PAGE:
Peacefully residing in Douglas County, the Sweetwater Creek State Park is a breathtaking amalgam of history, nature, and biodiversity. Located within close proximity to downtown Atlanta, this state park is a serene sanctum, offering repose from the cacophony of the city. An incredible canvas of wilderness unfolds at the park, as rolling hills, meandering trails, and emerald thickets, all come together to form an ethereal site. The agile Sweetwater Creek slices through the diversified terrains of the park, whereas an assemblage of birds croons into densely wooded expanses. Amid all the blooming ferns, azaleas and magnolias, lie the enigmatic ruins of a cotton mill run by the erstwhile New Manchester Manufacturing Company. Anchoring a placid lake, picnic spots, a museum, yurts, campsites, and playgrounds, this state park hosts a range of activities like boating, birding, hiking, camping, fishing and more. The park's visitor center has gained much praise for its environment-friendly stride, housing exhibits, displays, and maps chronicling the region's history.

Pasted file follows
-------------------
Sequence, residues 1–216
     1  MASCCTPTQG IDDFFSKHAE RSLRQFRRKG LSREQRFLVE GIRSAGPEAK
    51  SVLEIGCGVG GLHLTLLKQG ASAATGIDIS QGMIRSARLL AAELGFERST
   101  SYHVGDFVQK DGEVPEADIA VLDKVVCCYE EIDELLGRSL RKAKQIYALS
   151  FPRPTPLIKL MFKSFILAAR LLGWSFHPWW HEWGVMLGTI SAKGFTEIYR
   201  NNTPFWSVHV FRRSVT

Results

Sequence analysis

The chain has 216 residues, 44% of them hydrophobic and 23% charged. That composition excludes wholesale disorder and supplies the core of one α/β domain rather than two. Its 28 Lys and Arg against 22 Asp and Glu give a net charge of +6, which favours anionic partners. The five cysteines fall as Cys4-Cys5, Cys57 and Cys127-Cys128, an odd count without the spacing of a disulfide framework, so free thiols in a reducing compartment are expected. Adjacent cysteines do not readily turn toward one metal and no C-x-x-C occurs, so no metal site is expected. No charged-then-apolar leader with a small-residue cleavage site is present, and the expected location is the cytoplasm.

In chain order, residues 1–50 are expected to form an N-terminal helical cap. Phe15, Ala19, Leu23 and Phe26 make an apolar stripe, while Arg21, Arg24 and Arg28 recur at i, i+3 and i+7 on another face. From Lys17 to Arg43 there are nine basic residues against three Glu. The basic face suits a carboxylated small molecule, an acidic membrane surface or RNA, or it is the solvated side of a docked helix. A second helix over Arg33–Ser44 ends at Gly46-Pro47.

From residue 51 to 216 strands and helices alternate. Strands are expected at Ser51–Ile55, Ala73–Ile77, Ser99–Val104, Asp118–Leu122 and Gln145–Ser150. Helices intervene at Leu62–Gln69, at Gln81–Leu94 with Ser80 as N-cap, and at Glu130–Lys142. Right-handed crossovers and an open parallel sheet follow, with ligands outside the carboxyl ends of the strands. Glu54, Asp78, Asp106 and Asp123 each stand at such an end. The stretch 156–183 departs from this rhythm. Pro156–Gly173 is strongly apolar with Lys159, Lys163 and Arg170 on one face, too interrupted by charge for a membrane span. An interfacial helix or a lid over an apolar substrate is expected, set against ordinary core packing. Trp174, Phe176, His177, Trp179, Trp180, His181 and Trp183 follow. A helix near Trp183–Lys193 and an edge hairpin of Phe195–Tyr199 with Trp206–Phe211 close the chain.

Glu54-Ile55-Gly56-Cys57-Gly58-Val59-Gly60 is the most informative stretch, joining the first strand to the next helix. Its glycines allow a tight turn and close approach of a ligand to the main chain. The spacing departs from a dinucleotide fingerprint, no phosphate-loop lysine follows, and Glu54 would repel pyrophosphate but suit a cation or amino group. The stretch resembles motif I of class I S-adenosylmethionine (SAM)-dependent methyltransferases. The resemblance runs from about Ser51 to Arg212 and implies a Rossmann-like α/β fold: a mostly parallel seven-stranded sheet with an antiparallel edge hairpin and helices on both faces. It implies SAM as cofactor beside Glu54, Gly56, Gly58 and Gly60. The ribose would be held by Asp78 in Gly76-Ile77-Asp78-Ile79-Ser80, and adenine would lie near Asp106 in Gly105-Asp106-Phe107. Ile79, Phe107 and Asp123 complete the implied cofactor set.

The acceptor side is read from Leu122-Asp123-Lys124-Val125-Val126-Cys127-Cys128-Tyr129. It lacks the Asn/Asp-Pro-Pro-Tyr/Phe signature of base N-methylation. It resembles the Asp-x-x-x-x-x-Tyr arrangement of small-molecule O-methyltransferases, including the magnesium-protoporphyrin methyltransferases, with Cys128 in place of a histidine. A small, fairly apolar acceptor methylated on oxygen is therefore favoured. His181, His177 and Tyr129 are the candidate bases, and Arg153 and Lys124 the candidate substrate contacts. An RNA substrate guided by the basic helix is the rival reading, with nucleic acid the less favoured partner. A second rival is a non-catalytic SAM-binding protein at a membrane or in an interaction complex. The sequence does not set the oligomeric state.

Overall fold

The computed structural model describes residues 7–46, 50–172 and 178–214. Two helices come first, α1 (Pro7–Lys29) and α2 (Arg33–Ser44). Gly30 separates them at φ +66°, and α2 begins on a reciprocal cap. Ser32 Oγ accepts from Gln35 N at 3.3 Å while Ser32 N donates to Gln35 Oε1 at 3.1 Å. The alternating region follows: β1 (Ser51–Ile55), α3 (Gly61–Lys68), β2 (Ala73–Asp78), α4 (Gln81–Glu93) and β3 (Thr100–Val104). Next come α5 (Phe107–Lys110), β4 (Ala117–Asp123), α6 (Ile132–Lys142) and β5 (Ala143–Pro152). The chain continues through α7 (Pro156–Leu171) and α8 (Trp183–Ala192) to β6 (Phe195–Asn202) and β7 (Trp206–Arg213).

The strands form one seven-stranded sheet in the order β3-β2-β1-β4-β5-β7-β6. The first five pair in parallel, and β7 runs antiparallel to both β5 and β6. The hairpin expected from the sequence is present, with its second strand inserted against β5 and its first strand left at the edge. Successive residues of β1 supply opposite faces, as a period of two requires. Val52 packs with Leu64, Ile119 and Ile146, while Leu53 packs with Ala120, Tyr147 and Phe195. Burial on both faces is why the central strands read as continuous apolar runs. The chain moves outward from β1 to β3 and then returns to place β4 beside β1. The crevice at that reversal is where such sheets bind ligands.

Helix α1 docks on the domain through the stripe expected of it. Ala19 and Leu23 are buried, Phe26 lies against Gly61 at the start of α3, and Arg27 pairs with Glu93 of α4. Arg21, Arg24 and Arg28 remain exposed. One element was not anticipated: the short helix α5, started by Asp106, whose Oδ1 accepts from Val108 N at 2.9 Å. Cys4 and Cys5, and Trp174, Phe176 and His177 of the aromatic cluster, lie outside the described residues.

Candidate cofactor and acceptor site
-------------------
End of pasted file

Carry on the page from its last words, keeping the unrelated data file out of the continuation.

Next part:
Encompassing 2550 acres (1031.94 hectares) of pristine forested swathes, the Davidson-Arabia Nature Preserve is framed by the marvelous Arabia Mountain, which largely looms over the Arabia Lake Reservoir. This preserve is fringed by a tapestry of dramatic rock outcroppings and incredible, rolling hills. The park's mountaintop terrain bears a fragile ecosystem, including several protected species of fascinating flora. Although the landscape of the park is known to be barren, deep in its recesses lies a wealth of Recherche, which brave the ruthless weather of the mountain, and bloom in all their glory. Seemingly metamorphosing into different landscapes as per seasons, this mountain preserves a tracery of trails wind past the park's lakes, through dense forests and up to the mountain's soaring pinnacle. Traces of ruinous quarry structures of a bygone industry validate the fact that the park is as much steeped in history as it is in nature.